L'Humanité in English
Translation of selective papers from the french daily newspaper l'Humanité
decorHome > World > Health in the US: You Bet your Life it’s Expensive

EditorialWorldPoliticsEconomySocietyCultureScience & TechnologySport"Tribune libre"Comment and OpinionTranslators’ CornerLinksBlog of Cynthia McKennonBlog of Tom GillBlog of Hervé FuyetBlog of Kris WischenkamperBlog of Gene ZbikowskiBlog of G. AshaBlog of Joseph M. Cachia Blog of Peggy Cantave Fuyet
About USA, read also
decorHuge demonstration in Berlin against the EU-US trade deal decorFive innocents condemned to death decorReopening of the American embassy in Cuba decorAlbert Camus on Hiroshima. War journal of 8 August 1945 decorFrance should offer asylum to Snowden and Assange decorWashington withdraws Havana from its blacklist of countries supporting terrorism decorA Year of War, and Unity Recedes decorNATO: Thousands of U.S. Soldiers on Russian Border decorUkraine: And suddenly at midnight, the cannons fell silent decorRising Resistance in the Face of Police Show of Force decorApple invents subsidiaries without fiscal domicile decorTexas: man diagnosed as mentally impaired is executed
About Health insurance, read also
decorCatherine Mills, "The More a Health System is Free, the More Efficient and Effective It Is" decorReally Sick Work decorFrance’s Closed-Door Policy for Foreign Patients decorBush Vetoes Health Bill decorHow Much does a Finger Cost?

ORIGINAL FRENCH ARTICLE: Santé, un parcours trop cher

by Article paru le 31 octobre 2008

Health in the US: You Bet your Life it’s Expensive

Translated Sunday 2 November 2008, by Jonathan Pierrel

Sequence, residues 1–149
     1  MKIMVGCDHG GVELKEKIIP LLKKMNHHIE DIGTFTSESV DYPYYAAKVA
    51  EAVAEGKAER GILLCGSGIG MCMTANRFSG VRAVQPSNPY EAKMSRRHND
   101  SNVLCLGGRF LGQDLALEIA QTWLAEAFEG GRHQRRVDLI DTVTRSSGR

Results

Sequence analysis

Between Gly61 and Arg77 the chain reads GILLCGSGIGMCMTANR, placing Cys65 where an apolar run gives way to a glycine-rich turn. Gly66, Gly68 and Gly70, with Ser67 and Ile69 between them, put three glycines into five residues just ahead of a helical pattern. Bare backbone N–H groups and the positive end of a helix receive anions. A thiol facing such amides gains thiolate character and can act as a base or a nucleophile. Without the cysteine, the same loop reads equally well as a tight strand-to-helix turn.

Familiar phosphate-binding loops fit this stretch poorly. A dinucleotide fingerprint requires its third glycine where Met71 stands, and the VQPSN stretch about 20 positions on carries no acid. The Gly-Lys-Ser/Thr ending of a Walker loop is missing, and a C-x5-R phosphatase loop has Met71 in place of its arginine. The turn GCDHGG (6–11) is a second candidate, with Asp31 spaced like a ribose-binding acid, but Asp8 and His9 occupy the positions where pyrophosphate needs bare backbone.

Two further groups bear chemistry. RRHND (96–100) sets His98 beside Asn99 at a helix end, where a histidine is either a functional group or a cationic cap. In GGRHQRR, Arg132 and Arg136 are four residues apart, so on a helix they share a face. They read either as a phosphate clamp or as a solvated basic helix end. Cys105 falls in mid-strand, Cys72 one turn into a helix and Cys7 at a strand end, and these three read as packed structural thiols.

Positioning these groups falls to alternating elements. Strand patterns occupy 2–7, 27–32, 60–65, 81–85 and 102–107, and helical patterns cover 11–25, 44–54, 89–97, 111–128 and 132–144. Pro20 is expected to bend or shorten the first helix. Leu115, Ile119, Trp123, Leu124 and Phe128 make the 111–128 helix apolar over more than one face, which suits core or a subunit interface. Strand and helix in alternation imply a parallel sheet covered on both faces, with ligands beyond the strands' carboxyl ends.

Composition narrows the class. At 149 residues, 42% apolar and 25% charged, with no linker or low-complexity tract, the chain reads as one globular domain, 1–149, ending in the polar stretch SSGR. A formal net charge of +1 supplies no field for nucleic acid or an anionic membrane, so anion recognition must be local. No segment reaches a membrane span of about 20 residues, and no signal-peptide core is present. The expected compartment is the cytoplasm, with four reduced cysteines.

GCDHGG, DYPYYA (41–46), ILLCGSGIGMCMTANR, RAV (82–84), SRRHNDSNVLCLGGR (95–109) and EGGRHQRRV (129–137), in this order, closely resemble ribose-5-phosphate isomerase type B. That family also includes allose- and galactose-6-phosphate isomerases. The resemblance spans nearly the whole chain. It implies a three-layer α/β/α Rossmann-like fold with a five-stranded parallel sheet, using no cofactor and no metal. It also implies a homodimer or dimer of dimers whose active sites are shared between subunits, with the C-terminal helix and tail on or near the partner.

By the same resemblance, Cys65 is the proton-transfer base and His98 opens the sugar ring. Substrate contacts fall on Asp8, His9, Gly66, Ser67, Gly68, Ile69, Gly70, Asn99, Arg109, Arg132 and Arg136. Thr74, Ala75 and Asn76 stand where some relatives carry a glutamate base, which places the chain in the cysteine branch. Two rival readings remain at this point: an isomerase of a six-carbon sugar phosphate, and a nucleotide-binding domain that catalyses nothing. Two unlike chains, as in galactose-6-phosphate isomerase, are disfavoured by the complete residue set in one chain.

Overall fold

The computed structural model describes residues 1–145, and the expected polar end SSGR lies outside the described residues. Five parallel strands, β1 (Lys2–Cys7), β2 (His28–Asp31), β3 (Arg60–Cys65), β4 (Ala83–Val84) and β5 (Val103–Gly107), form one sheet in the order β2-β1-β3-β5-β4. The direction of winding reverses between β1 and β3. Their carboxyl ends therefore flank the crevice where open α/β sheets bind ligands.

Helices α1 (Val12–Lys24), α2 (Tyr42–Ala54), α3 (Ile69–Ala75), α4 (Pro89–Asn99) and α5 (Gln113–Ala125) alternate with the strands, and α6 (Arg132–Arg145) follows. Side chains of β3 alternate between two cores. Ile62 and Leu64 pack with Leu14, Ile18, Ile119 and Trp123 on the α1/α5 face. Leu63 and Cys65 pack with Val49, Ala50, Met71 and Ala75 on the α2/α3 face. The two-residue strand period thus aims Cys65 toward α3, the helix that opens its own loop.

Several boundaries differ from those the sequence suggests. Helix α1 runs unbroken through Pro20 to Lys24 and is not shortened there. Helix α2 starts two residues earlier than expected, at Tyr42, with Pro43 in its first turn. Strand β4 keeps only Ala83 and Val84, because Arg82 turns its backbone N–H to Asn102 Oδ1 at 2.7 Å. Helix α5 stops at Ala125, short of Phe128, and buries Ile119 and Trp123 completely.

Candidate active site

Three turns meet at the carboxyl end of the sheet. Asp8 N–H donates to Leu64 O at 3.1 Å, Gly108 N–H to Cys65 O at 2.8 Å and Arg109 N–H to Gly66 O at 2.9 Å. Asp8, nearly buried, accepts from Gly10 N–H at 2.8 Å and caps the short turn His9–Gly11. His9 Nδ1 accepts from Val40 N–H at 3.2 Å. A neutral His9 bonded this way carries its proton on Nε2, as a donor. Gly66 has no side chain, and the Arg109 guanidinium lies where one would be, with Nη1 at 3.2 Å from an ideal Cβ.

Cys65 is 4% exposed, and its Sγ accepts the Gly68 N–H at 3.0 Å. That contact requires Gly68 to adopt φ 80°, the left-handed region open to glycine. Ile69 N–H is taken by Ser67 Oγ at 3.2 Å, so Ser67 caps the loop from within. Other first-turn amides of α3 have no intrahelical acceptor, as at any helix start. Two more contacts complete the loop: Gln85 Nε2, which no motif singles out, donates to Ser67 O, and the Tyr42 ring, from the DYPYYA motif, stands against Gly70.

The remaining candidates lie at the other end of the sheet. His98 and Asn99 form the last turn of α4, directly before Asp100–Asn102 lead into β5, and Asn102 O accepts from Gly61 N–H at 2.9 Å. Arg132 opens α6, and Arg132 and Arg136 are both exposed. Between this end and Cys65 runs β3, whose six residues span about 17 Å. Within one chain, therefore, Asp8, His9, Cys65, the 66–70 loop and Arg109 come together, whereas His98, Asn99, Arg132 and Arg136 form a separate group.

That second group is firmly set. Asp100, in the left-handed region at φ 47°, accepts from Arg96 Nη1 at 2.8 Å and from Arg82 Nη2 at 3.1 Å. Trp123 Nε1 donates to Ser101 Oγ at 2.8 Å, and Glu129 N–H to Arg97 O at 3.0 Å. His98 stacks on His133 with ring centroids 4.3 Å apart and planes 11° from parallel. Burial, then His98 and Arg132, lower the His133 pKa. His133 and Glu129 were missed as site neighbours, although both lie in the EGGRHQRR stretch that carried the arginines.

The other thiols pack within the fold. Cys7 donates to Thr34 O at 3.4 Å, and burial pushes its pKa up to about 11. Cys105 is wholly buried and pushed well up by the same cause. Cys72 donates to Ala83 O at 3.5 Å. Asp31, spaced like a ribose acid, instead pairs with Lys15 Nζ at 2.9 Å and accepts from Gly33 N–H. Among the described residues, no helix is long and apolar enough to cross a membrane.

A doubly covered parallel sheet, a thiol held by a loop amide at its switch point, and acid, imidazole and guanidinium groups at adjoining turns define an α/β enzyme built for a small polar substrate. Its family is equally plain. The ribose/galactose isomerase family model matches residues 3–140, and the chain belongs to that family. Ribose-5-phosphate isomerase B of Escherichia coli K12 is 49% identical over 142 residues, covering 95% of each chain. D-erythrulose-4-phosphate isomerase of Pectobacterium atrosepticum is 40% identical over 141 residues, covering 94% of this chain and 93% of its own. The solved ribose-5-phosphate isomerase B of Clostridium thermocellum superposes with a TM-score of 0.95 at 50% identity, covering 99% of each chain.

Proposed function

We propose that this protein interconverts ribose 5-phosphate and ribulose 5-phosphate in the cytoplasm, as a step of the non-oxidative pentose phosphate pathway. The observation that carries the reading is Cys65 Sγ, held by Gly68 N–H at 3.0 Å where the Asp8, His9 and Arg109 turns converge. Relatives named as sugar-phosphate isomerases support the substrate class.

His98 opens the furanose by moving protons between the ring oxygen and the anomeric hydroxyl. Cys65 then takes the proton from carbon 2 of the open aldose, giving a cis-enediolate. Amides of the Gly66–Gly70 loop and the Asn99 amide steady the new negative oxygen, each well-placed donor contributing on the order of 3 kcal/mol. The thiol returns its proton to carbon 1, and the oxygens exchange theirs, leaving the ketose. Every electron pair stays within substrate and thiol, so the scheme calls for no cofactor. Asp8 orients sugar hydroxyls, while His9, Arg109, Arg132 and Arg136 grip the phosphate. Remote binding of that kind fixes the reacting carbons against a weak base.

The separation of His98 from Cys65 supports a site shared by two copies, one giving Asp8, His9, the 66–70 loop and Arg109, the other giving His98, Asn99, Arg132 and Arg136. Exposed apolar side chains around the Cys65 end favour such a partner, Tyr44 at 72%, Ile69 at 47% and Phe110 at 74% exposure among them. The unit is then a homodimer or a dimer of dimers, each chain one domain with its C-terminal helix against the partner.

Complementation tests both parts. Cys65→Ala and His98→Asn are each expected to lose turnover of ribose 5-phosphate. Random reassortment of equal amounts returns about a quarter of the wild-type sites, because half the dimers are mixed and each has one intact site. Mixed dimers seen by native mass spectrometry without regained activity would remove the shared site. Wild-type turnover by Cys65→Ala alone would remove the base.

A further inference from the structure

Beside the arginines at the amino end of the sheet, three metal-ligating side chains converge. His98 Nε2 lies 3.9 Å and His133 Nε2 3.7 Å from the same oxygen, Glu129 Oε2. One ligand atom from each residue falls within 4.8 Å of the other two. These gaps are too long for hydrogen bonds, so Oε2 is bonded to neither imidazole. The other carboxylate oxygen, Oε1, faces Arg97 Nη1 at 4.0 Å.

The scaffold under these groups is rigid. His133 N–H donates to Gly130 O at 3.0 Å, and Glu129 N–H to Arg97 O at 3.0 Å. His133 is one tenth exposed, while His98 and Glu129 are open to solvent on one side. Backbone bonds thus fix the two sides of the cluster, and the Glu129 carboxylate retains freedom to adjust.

Studies show that Americans are more and more at risk with regards to their health. A great many people postpone necessary treatment: 36%, according to a survey carried out by the Kaiser Family Foundation, against 29% last April. Almost a third of the people surveyed also admitted choosing to overlook health checks or recommended treatments, instead of 24% formerly. The number of medical prescriptions decreased by 0.4% during the second trimester.

Last July, a study by the National Association of Insurance and Financial Advisors (NAIFA) showed that 11% of American patients reduced their consumption of prescribed medication. Similarly, hospitals report that the number of people heading to the emergency room is rising. A tendency which is also explained by an increase in the number of people without health insurance.

Unemployment in the United-States has increased from 4.7 % to 6.1% in a year. Many people found themselves without health coverage when losing their job. But they are not the only ones to suffer from the economic stagnation.

Follow site activity RSS 2.0 | Site Map | Translators’ zone | SPIP